inherent

[ in-heer-uhnt, -her- ]
/ ɪnˈhɪər ənt, -ˈhɛr- /

adjective

existing in someone or something as a permanent and inseparable element, quality, or attribute; inhering: an inherent distrust of strangers.
Grammar. standing before a noun.

Origin of inherent

1570–80; < Latin inhaerent- (stem of inhaerēns), present participle of inhaerēre to inhere; see -ent
Related forms
Dictionary.com Unabridged Based on the Random House Unabridged Dictionary, © Random House, Inc. 2019

Examples from the Web for inherently

British Dictionary definitions for inherently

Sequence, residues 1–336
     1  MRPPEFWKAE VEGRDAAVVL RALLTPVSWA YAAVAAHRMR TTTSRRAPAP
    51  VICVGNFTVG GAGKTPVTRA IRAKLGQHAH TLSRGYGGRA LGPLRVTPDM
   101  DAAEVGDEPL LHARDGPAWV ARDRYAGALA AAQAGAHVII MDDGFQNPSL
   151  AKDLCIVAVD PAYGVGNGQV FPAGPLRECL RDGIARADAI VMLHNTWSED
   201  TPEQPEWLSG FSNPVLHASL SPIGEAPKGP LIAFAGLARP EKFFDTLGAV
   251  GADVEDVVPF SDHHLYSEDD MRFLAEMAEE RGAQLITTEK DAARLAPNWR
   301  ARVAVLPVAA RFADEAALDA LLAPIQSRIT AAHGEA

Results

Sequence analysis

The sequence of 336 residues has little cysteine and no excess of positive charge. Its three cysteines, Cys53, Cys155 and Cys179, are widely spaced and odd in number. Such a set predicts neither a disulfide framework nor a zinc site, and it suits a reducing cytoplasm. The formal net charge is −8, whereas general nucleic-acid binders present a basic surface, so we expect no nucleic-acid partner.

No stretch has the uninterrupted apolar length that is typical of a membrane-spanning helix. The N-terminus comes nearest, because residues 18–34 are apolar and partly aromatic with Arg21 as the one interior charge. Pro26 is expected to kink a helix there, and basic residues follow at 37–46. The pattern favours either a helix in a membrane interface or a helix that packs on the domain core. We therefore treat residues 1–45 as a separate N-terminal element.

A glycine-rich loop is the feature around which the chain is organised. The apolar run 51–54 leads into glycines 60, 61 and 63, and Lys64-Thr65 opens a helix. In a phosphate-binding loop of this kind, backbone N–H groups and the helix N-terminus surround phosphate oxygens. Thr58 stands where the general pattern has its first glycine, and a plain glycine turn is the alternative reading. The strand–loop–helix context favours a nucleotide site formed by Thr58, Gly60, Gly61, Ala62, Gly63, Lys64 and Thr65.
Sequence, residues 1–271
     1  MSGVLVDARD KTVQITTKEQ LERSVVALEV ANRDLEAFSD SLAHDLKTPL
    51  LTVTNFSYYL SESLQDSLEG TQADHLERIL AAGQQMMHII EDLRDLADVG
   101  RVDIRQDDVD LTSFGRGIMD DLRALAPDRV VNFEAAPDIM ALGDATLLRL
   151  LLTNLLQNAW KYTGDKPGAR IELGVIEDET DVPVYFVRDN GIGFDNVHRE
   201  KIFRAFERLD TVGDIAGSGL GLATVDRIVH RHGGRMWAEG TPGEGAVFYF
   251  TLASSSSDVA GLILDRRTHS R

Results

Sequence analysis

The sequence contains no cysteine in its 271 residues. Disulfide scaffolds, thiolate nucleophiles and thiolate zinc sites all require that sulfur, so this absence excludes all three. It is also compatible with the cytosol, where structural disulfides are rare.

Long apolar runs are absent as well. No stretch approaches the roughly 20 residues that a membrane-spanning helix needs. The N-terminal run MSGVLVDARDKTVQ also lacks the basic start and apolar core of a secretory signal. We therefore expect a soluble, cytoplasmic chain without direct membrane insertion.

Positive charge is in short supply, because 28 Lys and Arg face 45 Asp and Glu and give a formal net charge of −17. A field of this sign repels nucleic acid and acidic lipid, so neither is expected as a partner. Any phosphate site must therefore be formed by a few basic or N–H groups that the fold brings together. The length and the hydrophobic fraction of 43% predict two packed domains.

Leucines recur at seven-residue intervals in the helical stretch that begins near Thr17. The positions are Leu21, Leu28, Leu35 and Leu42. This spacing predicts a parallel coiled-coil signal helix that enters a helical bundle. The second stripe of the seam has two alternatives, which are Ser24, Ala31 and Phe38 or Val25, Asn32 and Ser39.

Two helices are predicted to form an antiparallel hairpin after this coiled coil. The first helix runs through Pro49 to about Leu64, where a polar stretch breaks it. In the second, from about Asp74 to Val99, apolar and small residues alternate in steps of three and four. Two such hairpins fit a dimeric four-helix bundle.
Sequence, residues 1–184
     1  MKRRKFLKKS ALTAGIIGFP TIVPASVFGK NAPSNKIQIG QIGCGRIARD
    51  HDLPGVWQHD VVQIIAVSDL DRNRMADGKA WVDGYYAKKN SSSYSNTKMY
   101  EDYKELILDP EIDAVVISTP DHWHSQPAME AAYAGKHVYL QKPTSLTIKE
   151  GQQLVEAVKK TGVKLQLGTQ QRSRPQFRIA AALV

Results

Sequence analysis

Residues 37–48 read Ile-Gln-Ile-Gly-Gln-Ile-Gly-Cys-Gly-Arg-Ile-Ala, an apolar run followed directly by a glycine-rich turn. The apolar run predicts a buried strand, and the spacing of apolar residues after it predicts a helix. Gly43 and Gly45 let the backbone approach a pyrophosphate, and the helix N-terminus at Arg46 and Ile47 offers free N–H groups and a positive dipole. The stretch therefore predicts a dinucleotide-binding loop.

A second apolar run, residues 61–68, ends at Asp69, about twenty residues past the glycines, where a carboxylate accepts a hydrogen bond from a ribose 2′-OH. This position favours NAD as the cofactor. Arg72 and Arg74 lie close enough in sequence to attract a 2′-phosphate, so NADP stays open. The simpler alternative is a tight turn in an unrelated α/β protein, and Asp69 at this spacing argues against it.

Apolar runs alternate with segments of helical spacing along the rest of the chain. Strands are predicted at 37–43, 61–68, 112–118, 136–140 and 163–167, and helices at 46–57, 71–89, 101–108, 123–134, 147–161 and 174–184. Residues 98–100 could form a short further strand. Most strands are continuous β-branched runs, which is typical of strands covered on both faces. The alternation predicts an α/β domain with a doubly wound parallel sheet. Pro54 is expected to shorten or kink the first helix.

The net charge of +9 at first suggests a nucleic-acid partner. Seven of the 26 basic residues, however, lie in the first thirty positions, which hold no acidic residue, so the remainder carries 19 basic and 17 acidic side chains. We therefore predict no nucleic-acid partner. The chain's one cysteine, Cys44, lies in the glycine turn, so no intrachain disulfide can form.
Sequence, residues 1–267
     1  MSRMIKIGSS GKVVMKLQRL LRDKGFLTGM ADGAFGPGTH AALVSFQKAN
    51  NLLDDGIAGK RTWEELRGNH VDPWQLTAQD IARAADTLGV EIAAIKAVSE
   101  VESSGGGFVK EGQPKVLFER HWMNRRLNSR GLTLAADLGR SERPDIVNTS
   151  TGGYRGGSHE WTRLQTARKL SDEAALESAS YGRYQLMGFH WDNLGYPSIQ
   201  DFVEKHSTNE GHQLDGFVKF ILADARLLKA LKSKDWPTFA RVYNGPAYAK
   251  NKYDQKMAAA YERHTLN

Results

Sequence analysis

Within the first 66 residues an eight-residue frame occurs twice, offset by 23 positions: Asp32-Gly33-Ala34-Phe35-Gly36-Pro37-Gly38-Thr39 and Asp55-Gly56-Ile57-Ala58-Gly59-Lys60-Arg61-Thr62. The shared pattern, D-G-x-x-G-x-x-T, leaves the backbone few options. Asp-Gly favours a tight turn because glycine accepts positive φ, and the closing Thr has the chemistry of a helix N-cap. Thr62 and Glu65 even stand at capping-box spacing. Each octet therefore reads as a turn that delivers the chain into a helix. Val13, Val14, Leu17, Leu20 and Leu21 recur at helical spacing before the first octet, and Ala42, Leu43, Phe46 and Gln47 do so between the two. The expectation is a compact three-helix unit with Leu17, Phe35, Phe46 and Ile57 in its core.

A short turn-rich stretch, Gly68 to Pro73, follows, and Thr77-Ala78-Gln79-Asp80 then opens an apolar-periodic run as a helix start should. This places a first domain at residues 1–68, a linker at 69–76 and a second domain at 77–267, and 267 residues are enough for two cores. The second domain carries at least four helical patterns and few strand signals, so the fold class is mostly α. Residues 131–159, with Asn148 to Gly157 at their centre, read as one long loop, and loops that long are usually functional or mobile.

inherent

/ (ɪnˈhɪərənt, -ˈhɛr-) /

adjective

existing as an inseparable part; intrinsic
Derived Formsinherently, adverb
Collins English Dictionary - Complete & Unabridged 2012 Digital Edition © William Collins Sons & Co. Ltd. 1979, 1986 © HarperCollins Publishers 1998, 2000, 2003, 2005, 2006, 2007, 2009, 2012

Word Origin and History for inherently

inherent


adj.

1570s, from Latin inhaerentem (nominative inhaerens), present participle of inhaerere "be closely connected with," literally "adhere to," from in- "in" (see in- (2)) + haerere "to stick" (see hesitation). Related: Inherently.

Online Etymology Dictionary, © 2010 Douglas Harper

Medicine definitions for inherently

inherent

[ ĭn-hîrənt, -hĕr- ]

adj.

Occurring as a natural part or consequence.
The American Heritage® Stedman's Medical Dictionary Copyright © 2002, 2001, 1995 by Houghton Mifflin Company. Published by Houghton Mifflin Company.